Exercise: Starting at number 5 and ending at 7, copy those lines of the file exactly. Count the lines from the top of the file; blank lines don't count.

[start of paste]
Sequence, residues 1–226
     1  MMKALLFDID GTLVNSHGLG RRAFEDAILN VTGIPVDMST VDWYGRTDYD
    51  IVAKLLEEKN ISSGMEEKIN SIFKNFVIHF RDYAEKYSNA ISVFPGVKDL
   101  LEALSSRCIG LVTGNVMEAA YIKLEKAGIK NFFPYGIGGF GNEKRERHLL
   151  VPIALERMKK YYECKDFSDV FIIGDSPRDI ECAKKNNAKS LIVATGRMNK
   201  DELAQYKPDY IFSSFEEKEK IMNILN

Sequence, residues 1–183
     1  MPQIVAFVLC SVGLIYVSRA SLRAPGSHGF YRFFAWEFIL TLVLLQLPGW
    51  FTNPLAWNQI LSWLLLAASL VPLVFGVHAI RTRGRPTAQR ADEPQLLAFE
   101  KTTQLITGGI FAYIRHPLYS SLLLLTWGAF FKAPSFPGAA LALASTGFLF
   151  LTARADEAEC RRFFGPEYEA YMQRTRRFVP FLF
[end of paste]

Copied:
   151  VPIALERMKK YYECKDFSDV FIIGDSPRDI ECAKKNNAKS LIVATGRMNK
   201  DELAQYKPDY IFSSFEEKEK IMNILN

Sequence, residues 1–183